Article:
Posted on August 11, 2016
Do you feel like you're consistently getting advice from everyone around you but you don't know who to trust? Do you make decisions based on what your girlfriends are saying you should do? Are you listening to your well intended spouse even though he or she isn't qualified to give you advice?
My trusted advisor is Melissa Stacey. She owns an organizational company called Feeling Organized and from the first day I met her until now, she's never steered me wrong. She gets me. She knows me and when I ask her for honest feedback, I know I'm getting sound advice, not just an "opinion".
People don't mean to steer you wrong - they think the advice they're giving you is smart and will work. The problem - the may not really know your business and have experienced what you're getting ready to "do" before. If you're going to have a trusted advisor, identify one that is your "Melissa".
Here are five ways you can identifying a trusted advisor:
1. He/She is experienced and successful. Successful people, in most cases, have learned how to navigate their way through the struggles and challenges of business ownership. This doesn't mean she did it perfectly. It means that she has gone through a variety of experiences that you haven't, yet.
2. He/She's non-emotional, professional and works to find a solution that is firm but good for everyone. Even though you may be the #1 priority, she still is considerate of others looks to give you advice to where everyone gets what they want.
3. When faced in a spot of adversity, he/she was calm, flawless and focused. Most inexperience business owners go to their emotions first, They say things they shouldn't, think thoughts that are inappropriate and create situations that hurt others. Your trusted advisor will be the opposite. She'll pause before giving advice, think through the situation without emotion and provide you with advice that is balanced and fair.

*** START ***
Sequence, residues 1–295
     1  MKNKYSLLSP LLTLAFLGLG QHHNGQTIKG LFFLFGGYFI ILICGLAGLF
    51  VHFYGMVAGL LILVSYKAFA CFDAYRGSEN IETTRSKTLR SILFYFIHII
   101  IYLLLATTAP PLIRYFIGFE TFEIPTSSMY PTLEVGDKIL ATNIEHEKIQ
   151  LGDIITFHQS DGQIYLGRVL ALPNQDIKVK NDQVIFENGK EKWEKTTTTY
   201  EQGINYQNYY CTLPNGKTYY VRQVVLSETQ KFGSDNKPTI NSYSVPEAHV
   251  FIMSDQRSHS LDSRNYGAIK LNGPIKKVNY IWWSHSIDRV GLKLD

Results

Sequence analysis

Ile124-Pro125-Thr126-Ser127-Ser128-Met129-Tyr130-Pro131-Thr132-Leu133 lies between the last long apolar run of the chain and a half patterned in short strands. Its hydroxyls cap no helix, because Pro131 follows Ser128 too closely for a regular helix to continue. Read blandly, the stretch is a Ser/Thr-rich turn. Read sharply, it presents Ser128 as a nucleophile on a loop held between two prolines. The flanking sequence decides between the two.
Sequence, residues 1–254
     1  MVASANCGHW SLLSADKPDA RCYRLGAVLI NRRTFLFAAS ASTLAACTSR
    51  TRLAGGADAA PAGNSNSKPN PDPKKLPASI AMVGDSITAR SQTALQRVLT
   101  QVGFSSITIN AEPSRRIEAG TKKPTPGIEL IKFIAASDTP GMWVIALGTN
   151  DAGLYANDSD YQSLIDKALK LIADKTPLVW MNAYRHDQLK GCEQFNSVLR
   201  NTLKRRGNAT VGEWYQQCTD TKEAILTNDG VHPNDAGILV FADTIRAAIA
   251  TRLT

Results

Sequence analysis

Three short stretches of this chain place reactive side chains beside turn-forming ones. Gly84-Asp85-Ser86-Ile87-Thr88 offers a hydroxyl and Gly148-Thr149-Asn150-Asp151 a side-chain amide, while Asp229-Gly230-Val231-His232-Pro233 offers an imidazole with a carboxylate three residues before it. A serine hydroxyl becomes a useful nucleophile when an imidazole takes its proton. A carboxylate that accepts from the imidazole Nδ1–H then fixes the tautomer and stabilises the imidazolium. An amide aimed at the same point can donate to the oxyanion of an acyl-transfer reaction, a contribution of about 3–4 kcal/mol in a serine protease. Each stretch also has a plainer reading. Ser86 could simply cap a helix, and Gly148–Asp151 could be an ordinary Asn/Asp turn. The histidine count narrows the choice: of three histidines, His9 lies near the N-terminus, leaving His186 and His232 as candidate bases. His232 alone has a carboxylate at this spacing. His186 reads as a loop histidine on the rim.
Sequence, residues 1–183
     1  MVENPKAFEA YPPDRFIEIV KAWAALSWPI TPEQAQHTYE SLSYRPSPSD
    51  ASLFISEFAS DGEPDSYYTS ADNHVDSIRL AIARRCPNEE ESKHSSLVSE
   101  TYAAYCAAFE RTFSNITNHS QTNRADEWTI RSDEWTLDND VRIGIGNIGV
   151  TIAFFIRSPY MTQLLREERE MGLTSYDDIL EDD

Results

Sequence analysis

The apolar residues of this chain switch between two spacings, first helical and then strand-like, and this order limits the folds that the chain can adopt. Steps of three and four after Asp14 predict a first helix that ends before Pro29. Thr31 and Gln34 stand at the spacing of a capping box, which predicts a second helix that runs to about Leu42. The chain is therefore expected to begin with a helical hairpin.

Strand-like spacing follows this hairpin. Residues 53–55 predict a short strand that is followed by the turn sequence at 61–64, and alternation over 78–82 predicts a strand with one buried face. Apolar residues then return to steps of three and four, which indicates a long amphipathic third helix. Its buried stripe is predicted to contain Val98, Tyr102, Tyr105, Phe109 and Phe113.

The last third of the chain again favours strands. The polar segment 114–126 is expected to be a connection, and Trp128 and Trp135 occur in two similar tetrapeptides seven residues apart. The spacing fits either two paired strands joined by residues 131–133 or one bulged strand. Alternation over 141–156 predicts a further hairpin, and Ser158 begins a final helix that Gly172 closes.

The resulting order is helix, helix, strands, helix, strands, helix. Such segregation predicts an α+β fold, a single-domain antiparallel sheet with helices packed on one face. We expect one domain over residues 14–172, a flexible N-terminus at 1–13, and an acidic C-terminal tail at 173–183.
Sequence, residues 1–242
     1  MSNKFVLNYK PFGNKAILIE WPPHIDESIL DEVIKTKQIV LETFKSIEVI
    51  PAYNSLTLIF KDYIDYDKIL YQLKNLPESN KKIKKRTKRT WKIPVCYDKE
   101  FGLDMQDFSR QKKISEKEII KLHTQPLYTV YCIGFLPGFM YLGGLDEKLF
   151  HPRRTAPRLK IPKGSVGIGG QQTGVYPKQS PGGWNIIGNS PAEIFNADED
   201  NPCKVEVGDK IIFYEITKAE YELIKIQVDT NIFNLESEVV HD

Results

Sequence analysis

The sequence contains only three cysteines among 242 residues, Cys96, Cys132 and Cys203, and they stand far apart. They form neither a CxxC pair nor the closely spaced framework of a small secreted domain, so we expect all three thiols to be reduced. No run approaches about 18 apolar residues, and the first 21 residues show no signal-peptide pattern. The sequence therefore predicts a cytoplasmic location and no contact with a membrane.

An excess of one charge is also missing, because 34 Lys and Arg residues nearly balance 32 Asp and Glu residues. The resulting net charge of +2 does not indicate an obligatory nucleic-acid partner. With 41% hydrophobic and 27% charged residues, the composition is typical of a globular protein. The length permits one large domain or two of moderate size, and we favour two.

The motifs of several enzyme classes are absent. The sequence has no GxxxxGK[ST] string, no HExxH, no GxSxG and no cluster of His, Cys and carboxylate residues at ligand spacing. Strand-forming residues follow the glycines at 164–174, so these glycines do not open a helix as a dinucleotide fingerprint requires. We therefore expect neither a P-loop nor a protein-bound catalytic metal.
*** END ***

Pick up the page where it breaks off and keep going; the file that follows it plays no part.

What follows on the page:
4. He/She's always available and genuinely cares. Your trusted advisor is someone that has already expressed to you that they are here to help you through anything. They're all in, all of the time and no matter what, will give you the advice you need.
5. He/She provides balanced feedback and will put you in your place when she needs to. This one. If you trust your advisor, then put your seatbelt on because she is going to tell you what you need to hear, not necessarily what is comfortable. If you are making a mistake, it's her job to tell you and help you become a better person.
The criticality of having a trusted advisor is past important - but, finding one can be difficult. When you do, hold onto them for life. And most important, give them credit for your success because without them, you could have made a wrong turn.